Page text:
And of course, this tactic of planned revisionism is also a tool for obscuring abuse. Case in point: P-Orridge and h/er apologists are all too keen to play up TOPY’s “Satanic Panic” controversy as supposedly emblematic of claims levelled against them by adversaries. In their storytelling, the misrepresentation of TOPY’s “First Transmission” video art tape (as depicting ritual child abuse, leading to the much-ballyhooed Scotland Yard raid on their Brighton compound) demonstrates the lengths to which their antagonists will go to smear and discredit the group. But while this police raid was no doubt in error, and alarming for all involved, Thee Temple subsequently used this event as a smokescreen to conceal their actual offenses.

Obviously, TOPY hid no basement dungeons, or depraved playgrounds of devil worship for the ritual torture of infants, as daytime talk shows of the era were eager to avow. Yet by repeating this flimsy distortion repeatedly, almost gleefully, their victimhood is built up as a red herring for distraction. They imply through self-righteous interviews that if a police operation, abetted by tabloid hysteria, persecuted Thee Temple using contrived abuse allegations, then what other cruel untruths stand to be leveraged against them?

This refrain is a narrative sleight of hand, asking journalists and fans to look in one hyperbolic direction (“here are your so-called TOPY ‘misdeeds'”) while obscuring or downplaying TOPY’s many actual abuses against their own members. P-Orridge de facto suggests that we write off nearly all indictments of TOPY as just the latest false invective stemming from this original miscarriage of justice against h/er chosen people. And thus, the canard of satanic ritual abuse covers for the disturbingly mundane, day-in-day-out exploitation that did occur. By focusing on the sensationalized fearmongering of TOPY’s few actual antagonists, journalists and fans (unintentionally or not) carry water for Thee Temple’s reputational repair.

Tactic #2 – Corrupting Subculture Leadership

TOPY’s second tactic involves corrupting subculture leadership to dodge abuse allegations. The inner circle carefully self-branded as spokespeople for castoffs and outlanders, particularly those adrift or alienated from the industrial West’s 1980s “greed-is-good” mainstream. Their proselytizing missives and devotional texts characterize Thee Temple as both awakening sleepwalkers and safeguarding helpless bohemians against the grip of church, state, and corporate power. So TOPY posed as the champion of kids on the margins, but not just as allies doing a good turn.

In this mimicry, they are the transgressives, the queers, the bullied and abandoned; they set the mold for summoning a more liberated version of oneself, and a more just version of the world, using artistic ventures and ritual magick. Indeed, through this posturing façade, acolytes and fans saw their hopes and anxieties—even themselves—reflected in Thee Temple’s combative stance and claims to counterculture authority.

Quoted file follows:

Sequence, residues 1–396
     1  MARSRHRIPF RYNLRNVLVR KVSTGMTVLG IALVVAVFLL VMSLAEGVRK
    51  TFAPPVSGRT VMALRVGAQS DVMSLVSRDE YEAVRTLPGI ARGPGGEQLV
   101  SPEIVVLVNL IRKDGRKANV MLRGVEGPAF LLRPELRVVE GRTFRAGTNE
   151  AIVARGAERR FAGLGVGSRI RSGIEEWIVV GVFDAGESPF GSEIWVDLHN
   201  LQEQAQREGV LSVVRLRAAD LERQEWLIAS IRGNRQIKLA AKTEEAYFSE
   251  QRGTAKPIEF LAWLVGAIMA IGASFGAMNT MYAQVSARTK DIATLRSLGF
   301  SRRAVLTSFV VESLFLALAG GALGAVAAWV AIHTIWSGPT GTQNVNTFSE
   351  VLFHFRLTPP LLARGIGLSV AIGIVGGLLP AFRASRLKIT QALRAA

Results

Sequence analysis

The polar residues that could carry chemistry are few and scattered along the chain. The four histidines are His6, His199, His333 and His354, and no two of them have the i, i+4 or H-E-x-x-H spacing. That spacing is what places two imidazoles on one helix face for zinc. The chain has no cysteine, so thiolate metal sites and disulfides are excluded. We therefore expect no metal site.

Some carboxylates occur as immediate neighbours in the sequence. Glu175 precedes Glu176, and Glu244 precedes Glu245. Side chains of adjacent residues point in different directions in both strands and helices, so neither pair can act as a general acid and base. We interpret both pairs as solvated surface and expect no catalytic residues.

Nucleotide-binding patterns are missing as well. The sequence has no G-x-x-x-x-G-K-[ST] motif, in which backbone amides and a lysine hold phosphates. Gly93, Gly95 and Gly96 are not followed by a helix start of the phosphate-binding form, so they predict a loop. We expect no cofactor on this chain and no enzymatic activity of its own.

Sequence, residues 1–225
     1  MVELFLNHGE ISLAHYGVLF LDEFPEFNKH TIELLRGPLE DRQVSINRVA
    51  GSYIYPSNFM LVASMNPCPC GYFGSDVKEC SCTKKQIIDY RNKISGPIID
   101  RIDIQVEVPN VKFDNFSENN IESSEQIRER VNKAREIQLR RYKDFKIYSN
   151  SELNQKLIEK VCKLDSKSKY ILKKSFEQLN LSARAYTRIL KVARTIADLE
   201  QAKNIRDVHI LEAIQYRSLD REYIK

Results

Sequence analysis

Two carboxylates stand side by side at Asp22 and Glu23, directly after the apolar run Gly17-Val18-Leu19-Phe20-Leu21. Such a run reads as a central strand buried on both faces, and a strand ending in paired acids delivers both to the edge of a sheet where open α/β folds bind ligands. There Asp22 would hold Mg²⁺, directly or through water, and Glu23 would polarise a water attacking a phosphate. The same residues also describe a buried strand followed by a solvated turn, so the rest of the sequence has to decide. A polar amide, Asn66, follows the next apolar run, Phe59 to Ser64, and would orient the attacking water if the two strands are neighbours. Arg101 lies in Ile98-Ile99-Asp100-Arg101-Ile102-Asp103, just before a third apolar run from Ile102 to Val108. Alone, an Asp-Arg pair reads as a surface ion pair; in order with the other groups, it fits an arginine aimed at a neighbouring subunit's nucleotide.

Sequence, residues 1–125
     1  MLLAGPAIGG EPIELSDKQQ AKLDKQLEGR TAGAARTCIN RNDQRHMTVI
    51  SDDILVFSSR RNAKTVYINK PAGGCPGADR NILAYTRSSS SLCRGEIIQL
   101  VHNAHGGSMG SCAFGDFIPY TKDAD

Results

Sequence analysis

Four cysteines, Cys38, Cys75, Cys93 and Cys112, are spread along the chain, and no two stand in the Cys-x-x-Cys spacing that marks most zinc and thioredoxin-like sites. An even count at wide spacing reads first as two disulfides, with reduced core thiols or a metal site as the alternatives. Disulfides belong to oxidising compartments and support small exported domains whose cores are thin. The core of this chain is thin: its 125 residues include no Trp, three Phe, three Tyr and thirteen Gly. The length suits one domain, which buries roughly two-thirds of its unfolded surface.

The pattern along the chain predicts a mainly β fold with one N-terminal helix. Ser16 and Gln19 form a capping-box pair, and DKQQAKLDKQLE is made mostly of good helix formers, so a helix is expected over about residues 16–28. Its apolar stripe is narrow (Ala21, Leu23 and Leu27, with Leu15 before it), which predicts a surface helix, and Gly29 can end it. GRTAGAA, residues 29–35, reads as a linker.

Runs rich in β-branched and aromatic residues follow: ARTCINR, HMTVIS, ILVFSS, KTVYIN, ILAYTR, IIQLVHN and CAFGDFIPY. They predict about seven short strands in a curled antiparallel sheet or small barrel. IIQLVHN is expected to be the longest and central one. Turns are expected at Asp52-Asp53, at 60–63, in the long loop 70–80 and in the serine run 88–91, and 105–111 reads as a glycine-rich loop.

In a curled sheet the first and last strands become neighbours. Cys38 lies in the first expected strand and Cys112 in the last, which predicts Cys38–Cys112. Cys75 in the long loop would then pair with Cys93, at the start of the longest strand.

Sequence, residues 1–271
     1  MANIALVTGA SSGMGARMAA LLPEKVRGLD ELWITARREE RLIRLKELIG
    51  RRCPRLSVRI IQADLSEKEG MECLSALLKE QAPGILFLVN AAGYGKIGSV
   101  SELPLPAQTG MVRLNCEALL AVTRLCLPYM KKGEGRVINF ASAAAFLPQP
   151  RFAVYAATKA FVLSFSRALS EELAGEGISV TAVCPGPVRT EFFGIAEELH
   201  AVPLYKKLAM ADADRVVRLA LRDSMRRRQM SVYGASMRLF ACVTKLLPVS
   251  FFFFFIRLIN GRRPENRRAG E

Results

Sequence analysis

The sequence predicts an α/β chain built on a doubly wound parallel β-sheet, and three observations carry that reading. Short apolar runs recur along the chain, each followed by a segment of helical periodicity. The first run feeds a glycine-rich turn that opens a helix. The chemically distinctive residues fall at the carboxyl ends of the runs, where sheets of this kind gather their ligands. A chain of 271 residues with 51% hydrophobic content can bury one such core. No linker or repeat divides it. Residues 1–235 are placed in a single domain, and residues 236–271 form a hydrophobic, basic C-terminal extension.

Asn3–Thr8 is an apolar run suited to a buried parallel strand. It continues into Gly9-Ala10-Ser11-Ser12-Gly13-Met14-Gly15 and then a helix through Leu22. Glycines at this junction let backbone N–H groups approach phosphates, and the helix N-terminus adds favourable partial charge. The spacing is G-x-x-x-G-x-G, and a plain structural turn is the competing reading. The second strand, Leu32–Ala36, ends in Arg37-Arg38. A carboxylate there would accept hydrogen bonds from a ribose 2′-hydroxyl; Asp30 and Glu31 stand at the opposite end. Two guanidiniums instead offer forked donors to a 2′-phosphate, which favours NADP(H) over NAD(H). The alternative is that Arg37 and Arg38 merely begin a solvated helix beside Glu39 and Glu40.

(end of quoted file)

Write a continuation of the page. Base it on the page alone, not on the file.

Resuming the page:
TOPY persuaded the bleary-eyed Generation X that their cult epitomized an audacious breed of subculture—one with teeth, one feared by the normative establishment, but most importantly, one that its admirers wished existed. Today’s disenfranchised “creative class” of Millennials holds P-Orridge and h/er coterie in similarly high regard, as the living exemplars of an (imaginary) moment, since past, when youth rebellions involved bravery and danger beyond dragging antagonists on Twitter. Now, as then, underground communities project their aspirational values onto TOPY; an embodiment of the scene’s fictive former glory.

TOPY is meant to stand for safe spaces that fans and followers might thrive in; to embody the moral clout for calling-out oppressors and defending the tribe against external threats. Yet that faith—so hard to give freely in our cynical and broken world—was thoroughly debased. TOPY cultivated a communal status of guardianship, and promptly cashed in for coercive power. These trespasses—emotional domination, systematic destruction of identity, tyrannical bullying, and the (nonsexual) predation of minors—were entrenched and sweeping; a bureaucracy of abuse in a ten-year global cult apparatus reaching 10,000 individuals. The sheer gravity of betrayal has yet to be fully contemplated or processed.

By harnessing self-doubt, Thee Temple
neutered outside probing or criticism.

This tactic’s present-day success connects with how music scenes recognize and react to exploitation. #MeToo and its allied movements name and shame gendered or identity-based coercion in the public sphere. But while (admirably) taking a page from these grassroots justice groups, music factions are torpid, or fumble, when reacting to exploitation when outright bigotry—e.g., misogyny, transphobia, racism—is not the apparent motivator. TOPY’s abuses fly under our collective radar because we lack the vocabulary to frame, mobilize around, and punish another species of coercion: one that infiltrates and hijacks our aspirations as a counterculture community.